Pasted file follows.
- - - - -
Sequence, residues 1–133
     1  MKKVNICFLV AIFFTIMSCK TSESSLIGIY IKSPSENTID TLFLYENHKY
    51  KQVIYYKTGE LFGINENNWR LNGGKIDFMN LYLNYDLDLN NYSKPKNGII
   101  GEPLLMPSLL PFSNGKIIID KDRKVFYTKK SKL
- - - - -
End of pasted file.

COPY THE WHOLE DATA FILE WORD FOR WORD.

Sequence, residues 1–133
     1  MKKVNICFLV AIFFTIMSCK TSESSLIGIY IKSPSENTID TLFLYENHKY
    51  KQVIYYKTGE LFGINENNWR LNGGKIDFMN LYLNYDLDLN NYSKPKNGII
   101  GEPLLMPSLL PFSNGKIIID KDRKVFYTKK SKL